Dr. Mitchell Joachim is the Co-Founder of Terreform ONE and an Associate Professor of Practice at NYU. Formerly, he was an architect at the offices of Frank Gehry and I.M. Pei. He has been awarded a Fulbright Scholarship and fellowships with TED, Moshe Safdie, and Martin Society for Sustainability, MIT. He was chosen by Wired magazine for “The Smart List” and selected by Rolling Stone for “The 100 People Who Are Changing America.” Mitchell won many honors including: ARCHITECT R+D Award, AIA New York Urban Design Merit Award, 1st Place International Architecture Award, Victor Papanek Social Design Award, Zumtobel Group Award for Sustainability, History Channel lnfiniti Award for City of the Future, and Time magazine’s Best Invention with MIT Smart Cities Car. He’s featured as “The NOW 99” in Dwell magazine and “50 Under 50 Innovators of the 21st Century” by Images Publishers. He co-authored three books, “XXL-XS: New Directions in Ecological Design,” “Super Cells: Building with Biology,” and “Global Design: Elsewhere Envisioned.” His design work has been exhibited at MoMA and the Venice Biennale. He earned: Ph.D. at Massachusetts Institute of Technology, MAUD Harvard University, M.Arch. Columbia University.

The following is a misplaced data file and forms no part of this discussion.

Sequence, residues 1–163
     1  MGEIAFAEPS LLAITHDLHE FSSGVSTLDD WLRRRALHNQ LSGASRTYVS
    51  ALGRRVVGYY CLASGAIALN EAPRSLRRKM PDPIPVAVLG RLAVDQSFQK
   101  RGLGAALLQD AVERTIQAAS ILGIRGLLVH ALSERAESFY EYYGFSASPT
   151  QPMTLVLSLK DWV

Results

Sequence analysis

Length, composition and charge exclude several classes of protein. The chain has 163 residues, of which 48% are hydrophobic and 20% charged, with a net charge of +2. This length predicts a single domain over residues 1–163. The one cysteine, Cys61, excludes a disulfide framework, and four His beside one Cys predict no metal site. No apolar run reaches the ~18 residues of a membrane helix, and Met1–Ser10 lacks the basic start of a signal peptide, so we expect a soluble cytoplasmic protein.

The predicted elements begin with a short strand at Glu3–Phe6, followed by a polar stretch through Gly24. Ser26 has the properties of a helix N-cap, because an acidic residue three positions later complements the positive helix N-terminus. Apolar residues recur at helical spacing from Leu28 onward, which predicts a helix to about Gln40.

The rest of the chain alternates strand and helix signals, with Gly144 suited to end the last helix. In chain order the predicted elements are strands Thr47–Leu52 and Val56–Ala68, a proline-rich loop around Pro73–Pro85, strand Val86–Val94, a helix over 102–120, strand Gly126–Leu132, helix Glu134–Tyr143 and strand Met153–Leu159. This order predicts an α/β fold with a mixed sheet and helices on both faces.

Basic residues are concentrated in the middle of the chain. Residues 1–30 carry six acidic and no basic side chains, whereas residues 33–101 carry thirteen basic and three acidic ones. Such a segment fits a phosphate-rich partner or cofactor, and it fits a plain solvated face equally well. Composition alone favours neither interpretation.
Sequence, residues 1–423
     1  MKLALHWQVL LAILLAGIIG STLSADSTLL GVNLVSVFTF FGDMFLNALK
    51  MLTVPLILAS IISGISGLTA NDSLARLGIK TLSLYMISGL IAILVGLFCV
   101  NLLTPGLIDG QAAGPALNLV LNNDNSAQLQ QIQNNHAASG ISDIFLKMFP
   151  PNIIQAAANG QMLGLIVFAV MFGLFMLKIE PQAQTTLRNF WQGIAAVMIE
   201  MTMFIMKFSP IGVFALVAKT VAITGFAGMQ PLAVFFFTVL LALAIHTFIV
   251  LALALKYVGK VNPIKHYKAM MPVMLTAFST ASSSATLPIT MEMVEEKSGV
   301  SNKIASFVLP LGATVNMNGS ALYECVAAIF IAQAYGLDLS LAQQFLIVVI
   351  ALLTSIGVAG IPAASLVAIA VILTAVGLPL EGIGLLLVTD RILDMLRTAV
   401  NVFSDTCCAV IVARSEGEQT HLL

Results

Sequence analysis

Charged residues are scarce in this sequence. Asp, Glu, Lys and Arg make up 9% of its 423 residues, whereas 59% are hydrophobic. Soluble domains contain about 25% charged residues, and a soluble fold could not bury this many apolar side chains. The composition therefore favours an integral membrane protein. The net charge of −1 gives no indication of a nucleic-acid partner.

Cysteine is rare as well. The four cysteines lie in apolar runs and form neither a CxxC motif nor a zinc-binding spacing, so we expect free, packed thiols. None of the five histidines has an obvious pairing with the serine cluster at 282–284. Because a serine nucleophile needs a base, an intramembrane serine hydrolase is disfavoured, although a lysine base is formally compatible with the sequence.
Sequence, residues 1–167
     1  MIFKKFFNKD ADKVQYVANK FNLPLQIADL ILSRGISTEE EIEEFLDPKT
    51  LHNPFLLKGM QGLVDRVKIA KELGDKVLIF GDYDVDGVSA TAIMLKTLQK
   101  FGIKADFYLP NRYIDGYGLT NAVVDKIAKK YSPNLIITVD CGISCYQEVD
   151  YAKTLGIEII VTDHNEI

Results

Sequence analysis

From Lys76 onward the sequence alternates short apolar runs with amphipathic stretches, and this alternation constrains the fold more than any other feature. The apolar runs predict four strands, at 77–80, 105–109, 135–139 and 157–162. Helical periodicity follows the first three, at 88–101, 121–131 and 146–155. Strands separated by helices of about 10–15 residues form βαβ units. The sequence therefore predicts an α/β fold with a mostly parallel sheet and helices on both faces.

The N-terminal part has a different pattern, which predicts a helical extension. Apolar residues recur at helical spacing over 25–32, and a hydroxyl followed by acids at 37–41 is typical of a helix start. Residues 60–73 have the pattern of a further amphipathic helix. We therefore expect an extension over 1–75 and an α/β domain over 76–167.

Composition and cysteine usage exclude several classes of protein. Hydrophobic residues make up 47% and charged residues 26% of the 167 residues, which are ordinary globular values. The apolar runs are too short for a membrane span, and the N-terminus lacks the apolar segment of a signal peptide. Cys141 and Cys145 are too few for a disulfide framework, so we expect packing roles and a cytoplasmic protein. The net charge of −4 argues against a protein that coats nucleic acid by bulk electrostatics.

Vivian Kuan is Executive Director at Terreform ONE. As an architect with an interdisciplinary background in art, architecture, real estate development and tech-marketing, she is dedicated to improving the future of our environment through impactful design and education. Vivian is currently faculty at Parsons in the Strategic Design and Management graduate program. She was a Launch Director at the incubator, idealab! and later directed the online strategy and e-commerce business units for the Estee Lauder Companies, Inc. and for The L’Oreal Group Inc. Before business school, Vivian worked as a project manager in Hong Kong for Sun Hung Kai Properties, Ltd., where she managed the conversion of the Ma Wan Island to a residential town complex and building towers in Hong Kong and China. She gained her foundation as an architect in New York City working on the Shanghai World Financial Center, Atlanta Federal Center, Taichung Tower and the IRS National Headquarters for Kohn Pedersen Fox Associates. She earned an MBA/M.A. at the Wharton School/ Lauder program, University of Pennsylvania, and B.Arch. from Cornell University.